Threads of major
news topic are
neatly tied together
Edward Snowden is wanted on charges of treason for leaking information about government spying. Click image to enlarge.
THE NEW YORK TIMES proved again that it provides “indispensible journalism” with its Page One story Sunday that tied together the various threads in the Obama administration’s crackdown on whistleblowers.
The multifaceted story, Math Behind Leak Crackdown: 153 cases, 4 years, 0 Indictments, by Sharon LaFraniere was second lead story in the National Edition.
It is comprehensive, thoughtful and includes mention of Edward Snowden, WikiLeaks and other major threads dominating the news about leakers and their persecution.
Ironically, this story also relies on leaks: Near the end, two sources are granted anonymity for arguably dubious reasons.
THE CASE OF FUGITIVE Edward Snowden – perhaps the most wanted man not in America – has dominated headlines for weeks.
The web version of the Sunday story in The New York Times on Obama’s crackdown on leakers.
A Google search of his name this morning returned 387 million hits.
The New York Times has done an admirable job of covering this case, but it has been MIA in the equally important – but less reported – trial of Bradley Manning, who face life in prison without parole for leaking thousands of secret government documents to WikiLeaks.
Both cases and the others being pursued by the Obama administration, pose a direct threat to press freedom in this country and the public’s ability to know what our government is doing to us and for us.
In her story LaFraniere reports: “An unprecedented cascade of disclosures, including hundreds of thousands of secret diplomatic cables made public by WikiLeaks, according to [government] officials, gave the search for leakers a growing sense of urgency, while technological advances made the job of finding them easier.
“…present and former government officials said the focus on leaks began at the administration’s highest levels and was driven by pressure from the intelligence agencies and members of Congress.”
IN A DELICIOUS IRONY near the end of the story, significant information is revealed by two sources granted anonymity: are they “government leakers?”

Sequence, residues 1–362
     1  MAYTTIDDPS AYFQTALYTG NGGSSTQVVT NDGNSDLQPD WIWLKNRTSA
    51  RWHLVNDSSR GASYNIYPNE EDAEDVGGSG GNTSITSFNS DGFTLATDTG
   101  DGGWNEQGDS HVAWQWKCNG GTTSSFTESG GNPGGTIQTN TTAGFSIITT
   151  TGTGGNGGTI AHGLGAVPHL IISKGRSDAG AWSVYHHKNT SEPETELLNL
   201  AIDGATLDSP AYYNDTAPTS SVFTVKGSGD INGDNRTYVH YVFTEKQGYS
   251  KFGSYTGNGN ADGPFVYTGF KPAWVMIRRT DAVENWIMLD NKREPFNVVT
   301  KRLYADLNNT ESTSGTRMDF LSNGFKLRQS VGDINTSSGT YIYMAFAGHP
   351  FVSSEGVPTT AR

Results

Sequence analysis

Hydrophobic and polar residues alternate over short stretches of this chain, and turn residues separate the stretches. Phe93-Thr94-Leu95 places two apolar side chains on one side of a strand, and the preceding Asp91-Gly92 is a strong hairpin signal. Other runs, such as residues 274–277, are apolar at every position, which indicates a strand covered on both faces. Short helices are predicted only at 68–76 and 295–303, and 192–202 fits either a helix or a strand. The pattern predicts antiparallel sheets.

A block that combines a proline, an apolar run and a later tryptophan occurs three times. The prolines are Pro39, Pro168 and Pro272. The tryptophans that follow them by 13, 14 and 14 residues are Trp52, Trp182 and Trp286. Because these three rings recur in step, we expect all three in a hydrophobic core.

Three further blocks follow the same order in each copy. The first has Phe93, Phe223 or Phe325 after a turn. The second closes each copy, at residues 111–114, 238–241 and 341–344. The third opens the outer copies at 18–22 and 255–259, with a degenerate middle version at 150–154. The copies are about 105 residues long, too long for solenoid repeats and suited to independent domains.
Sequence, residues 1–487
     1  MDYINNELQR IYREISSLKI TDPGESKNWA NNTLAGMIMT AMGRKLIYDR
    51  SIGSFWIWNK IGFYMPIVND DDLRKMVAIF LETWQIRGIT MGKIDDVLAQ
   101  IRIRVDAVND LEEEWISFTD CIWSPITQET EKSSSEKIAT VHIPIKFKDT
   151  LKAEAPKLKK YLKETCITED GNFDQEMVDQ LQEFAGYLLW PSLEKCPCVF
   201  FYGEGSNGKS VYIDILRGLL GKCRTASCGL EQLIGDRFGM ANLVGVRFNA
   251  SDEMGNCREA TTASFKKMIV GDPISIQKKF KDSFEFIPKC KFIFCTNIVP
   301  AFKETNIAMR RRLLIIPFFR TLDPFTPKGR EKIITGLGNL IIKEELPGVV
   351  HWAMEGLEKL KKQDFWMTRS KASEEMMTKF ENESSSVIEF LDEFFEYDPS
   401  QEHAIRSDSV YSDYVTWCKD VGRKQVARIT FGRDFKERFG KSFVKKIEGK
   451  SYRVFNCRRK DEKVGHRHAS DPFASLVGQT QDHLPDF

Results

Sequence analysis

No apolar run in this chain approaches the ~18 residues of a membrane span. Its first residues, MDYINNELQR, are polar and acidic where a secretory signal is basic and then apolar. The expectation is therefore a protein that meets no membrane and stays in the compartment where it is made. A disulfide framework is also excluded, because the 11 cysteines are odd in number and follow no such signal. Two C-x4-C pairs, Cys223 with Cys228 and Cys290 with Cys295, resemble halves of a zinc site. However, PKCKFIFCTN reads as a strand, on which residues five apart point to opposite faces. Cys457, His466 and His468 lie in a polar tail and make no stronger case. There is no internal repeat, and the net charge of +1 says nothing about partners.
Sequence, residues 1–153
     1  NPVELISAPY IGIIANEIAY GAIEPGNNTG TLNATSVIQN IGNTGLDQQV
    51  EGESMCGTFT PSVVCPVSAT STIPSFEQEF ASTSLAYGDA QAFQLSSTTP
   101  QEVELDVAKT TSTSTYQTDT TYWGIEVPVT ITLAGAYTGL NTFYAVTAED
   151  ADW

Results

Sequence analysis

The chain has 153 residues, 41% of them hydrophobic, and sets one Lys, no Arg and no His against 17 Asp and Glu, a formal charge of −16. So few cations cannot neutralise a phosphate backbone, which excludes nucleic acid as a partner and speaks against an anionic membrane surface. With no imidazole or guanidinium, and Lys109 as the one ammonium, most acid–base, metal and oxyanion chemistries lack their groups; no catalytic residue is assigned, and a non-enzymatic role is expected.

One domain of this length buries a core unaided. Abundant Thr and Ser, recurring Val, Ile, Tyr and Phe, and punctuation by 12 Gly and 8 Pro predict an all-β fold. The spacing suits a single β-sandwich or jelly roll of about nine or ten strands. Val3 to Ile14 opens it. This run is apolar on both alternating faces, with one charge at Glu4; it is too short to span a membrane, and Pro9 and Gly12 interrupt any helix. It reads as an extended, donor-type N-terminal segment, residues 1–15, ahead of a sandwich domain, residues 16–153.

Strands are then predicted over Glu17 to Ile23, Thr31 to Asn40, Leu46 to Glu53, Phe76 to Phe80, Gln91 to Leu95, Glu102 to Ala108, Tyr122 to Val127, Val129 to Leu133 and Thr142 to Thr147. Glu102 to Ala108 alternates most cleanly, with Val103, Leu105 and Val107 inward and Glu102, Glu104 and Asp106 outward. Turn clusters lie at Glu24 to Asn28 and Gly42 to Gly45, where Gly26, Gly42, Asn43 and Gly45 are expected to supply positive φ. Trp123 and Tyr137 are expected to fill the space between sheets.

First: “There was a lot of pressure to use every possible investigative tool,” said one senior former prosecutor who spoke on the condition of anonymity because he is not authorized to speak for the Justice Department.
Bradley Manning faces life in prison for leaking documents to WikiLeaks.
Second: “A tipping point was reached in 2009,” said one knowledgeable Senate aide, who spoke on the condition of anonymity because he is not an official spokesman. “There was an official change of policy.”
As long-time readers of The New York Times will know, it is the paper’s policy is to explain to readers why sources are granted anonymity.
In addition that policy states that anonymity will be granted only for vital information that cannot be obtained by any other method.
Do you think the policy has been followed here? Make your opinions known in the comments.
Anonymous sources are inherently risky for readers and reporters. If there is no name attached, there is no motivation for the source to be honest. He or she can lie, and suffer no consequences.
For the reporter, it is risky too. In effect, the writer is telling the reader, “Trust me! I believe this source, and that should be good enough for you.”
Anybody remember I. Lewis (Scooter) Libby? A senior official in the Office of the Vice President? He and others fed The New York Times reporter Judy Miller highly dubious information in the lead-up to the 2003 invasion of Iraq.
Miller granted him (and others, like Iraqi defector Ahmed Chalabi) anonymity and her stories were published on the front page of the New York Times.
Partially as a result, by the time United States invaded Iraq, millions of Americans believed all sorts of false information. More than one year later, the paper was forced to publish a 2,000 word “correction” for many of Miller’s stories.
The damage to its credibility was enormous and enduring.
However, the treatment of the leak crackdown story on Sunday does demonstrate that The New York Times is vital. It is surviving the existential threat to print media everywhere by offering its readers indispensable journalism like this story.
We should all appreciate being In the (K)now. I certainly do: as of this morning, my stock in NYT is up up over 37 percent since I purchased it.
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